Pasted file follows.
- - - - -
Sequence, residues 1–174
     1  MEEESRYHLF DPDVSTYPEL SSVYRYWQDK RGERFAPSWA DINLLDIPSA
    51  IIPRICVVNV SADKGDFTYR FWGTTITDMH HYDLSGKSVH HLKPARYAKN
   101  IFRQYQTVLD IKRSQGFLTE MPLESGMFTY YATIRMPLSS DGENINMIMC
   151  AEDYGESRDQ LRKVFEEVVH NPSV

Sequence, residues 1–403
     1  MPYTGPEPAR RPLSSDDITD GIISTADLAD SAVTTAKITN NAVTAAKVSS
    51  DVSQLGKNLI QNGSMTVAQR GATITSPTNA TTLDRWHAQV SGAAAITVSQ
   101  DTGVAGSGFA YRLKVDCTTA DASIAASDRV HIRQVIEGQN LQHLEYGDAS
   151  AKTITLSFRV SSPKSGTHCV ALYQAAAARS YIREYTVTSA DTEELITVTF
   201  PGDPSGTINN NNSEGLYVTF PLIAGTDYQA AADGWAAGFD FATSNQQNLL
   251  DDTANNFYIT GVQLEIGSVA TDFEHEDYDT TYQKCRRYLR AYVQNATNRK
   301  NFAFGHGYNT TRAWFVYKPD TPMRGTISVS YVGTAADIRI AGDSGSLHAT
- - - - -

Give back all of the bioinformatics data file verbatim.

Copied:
Sequence, residues 1–174
     1  MEEESRYHLF DPDVSTYPEL SSVYRYWQDK RGERFAPSWA DINLLDIPSA
    51  IIPRICVVNV SADKGDFTYR FWGTTITDMH HYDLSGKSVH HLKPARYAKN
   101  IFRQYQTVLD IKRSQGFLTE MPLESGMFTY YATIRMPLSS DGENINMIMC
   151  AEDYGESRDQ LRKVFEEVVH NPSV

Sequence, residues 1–403
     1  MPYTGPEPAR RPLSSDDITD GIISTADLAD SAVTTAKITN NAVTAAKVSS
    51  DVSQLGKNLI QNGSMTVAQR GATITSPTNA TTLDRWHAQV SGAAAITVSQ
   101  DTGVAGSGFA YRLKVDCTTA DASIAASDRV HIRQVIEGQN LQHLEYGDAS
   151  AKTITLSFRV SSPKSGTHCV ALYQAAAARS YIREYTVTSA DTEELITVTF
   201  PGDPSGTINN NNSEGLYVTF PLIAGTDYQA AADGWAAGFD FATSNQQNLL
   251  DDTANNFYIT GVQLEIGSVA TDFEHEDYDT TYQKCRRYLR AYVQNATNRK
   301  NFAFGHGYNT TRAWFVYKPD TPMRGTISVS YVGTAADIRI AGDSGSLHAT